8. My father recalled this disaster to me many years ago. He was 5 and quite enjoyed playing in the nearly 30 inches of snow (by far the deepest he had ever seen); he said that it was so deep he couldn’t walk in it — he “swam” in it. My dad woke the next morning to the news of the disaster, and remembers looking outside and wondering how something so beautiful could be dangerous …

  9. My aunt, Nancy Swaim Lambert was killed in this crash. It devastated my family and although I was not alive at that time, I remember that my family never got over the tragedy.

  10. One of my great relatives was killed in this disaster and I wasn’t even aware of it until today. Great history……though my/our last name is often misspelled, it was interesting to learn more about my family’s history.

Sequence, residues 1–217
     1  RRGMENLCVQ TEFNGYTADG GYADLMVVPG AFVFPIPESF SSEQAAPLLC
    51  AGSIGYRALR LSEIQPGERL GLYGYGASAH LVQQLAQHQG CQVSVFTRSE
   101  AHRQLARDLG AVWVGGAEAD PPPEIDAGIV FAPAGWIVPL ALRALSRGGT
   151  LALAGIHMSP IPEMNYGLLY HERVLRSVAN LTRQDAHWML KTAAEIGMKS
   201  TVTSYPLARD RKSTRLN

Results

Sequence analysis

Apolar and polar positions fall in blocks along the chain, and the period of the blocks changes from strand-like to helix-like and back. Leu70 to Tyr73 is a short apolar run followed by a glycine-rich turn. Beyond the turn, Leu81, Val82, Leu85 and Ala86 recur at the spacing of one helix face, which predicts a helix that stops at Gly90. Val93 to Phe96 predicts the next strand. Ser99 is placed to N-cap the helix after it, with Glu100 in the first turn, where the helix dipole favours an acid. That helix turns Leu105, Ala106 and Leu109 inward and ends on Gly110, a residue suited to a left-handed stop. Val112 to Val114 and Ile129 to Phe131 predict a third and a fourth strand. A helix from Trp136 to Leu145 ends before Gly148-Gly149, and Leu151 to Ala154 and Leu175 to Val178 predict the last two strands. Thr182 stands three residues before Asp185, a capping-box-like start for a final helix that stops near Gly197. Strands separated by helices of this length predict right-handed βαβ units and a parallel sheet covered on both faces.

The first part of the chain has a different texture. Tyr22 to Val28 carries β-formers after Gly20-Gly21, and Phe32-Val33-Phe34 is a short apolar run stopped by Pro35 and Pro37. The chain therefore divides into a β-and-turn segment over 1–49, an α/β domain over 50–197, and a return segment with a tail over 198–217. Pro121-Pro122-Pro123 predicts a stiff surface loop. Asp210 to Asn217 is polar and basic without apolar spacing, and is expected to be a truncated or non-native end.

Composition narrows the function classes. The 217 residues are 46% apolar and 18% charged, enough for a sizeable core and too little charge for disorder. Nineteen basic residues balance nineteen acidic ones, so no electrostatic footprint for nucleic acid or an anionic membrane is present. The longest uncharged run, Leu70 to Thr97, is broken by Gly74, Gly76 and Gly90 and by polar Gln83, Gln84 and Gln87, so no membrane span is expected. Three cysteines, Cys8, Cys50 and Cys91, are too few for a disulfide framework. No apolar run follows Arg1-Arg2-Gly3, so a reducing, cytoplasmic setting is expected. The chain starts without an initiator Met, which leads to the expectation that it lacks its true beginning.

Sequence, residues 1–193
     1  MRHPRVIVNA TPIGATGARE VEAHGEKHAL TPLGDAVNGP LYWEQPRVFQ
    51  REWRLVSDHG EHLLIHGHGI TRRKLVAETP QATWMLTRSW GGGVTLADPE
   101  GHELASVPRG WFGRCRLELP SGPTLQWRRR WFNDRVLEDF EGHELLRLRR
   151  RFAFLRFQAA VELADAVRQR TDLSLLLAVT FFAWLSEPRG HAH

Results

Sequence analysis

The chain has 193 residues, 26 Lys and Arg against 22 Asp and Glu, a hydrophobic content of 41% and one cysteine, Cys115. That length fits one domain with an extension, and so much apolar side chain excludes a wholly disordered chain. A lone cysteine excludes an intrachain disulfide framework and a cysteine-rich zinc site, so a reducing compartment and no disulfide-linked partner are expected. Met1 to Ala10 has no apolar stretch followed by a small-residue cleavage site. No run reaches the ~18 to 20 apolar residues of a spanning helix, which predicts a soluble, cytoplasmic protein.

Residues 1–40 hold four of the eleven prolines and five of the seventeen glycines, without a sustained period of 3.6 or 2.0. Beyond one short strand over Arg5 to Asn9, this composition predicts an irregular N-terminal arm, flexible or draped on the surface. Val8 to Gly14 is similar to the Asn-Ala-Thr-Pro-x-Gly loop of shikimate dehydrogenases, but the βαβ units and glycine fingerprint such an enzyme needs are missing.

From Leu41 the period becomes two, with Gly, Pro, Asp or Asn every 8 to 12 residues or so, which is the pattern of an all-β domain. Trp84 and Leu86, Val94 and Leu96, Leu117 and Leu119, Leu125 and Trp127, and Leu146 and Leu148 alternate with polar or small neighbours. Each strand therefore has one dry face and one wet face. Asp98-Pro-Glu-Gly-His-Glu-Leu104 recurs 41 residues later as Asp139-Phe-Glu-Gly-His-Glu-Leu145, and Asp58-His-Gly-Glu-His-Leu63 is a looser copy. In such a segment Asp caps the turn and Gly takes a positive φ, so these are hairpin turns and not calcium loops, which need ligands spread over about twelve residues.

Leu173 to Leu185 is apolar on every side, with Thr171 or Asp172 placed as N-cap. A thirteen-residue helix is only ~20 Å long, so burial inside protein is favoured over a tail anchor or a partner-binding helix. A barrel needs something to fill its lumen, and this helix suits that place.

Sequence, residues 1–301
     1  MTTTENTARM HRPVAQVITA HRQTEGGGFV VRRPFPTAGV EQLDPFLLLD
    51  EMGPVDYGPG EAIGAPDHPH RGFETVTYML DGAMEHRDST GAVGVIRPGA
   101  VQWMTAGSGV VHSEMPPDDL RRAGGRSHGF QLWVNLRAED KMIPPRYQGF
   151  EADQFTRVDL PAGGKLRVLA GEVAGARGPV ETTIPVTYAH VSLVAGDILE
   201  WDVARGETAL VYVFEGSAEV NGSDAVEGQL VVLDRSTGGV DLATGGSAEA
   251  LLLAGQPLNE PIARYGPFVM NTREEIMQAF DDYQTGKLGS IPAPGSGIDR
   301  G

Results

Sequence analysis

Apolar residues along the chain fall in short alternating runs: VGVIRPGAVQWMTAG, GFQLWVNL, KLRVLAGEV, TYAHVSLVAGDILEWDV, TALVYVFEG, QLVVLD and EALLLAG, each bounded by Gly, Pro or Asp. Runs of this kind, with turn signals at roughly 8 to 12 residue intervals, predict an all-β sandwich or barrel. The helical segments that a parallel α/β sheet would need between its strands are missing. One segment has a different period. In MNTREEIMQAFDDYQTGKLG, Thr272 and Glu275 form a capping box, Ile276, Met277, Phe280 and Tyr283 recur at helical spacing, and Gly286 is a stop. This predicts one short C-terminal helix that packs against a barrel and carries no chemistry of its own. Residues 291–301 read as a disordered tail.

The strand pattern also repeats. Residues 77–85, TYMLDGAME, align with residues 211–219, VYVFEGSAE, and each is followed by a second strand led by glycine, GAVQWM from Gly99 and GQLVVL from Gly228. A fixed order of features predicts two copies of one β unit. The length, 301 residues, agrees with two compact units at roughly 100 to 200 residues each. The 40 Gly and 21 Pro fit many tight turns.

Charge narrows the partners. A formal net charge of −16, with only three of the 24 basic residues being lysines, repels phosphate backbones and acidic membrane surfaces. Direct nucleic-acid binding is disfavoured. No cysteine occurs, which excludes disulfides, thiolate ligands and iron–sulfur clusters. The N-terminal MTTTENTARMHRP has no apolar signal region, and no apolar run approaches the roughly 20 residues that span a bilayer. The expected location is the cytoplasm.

1. Google Howard Kneessi and you’ll find lots of data on him. I’ve put a lot out there. I’ve been in touch with his great granddaughter for a lot it it…

  11. The Military Surgeon’s Journal for 1922 has a short article on this disaster from their perspective – try Google Books and search publications before 1925.

  12. During the George Washington Birthday storm of 1979, my grandmother told me about the night her father would not let her go out with her friend’s to The Knickerbocker Theather on the night that the roof fell in. She stated that at the time she was very upset that she had to call her friends in Chevy Chase where she lived, that she would not be able to go because her father said the storm was very bad. She told me that she called her friend’s from her home when her phone number was M17. Can you imagine having a phone number like that! She did go on to say that 2 of her friend.s did indeed go to the theather that night, and they where killed. I guess the best advice I would give today is watch a movie at home tonight.

  13. My great grandfather, Wilhem Hugo Geigenberger, was there in the Knickerbocker Theater the night the roof collapsed. He played in the orchestra during the intermission of the movie. He was a cellist. He said just as the music started, the roof fell. He was able to get out without injury, and walked home in the snow.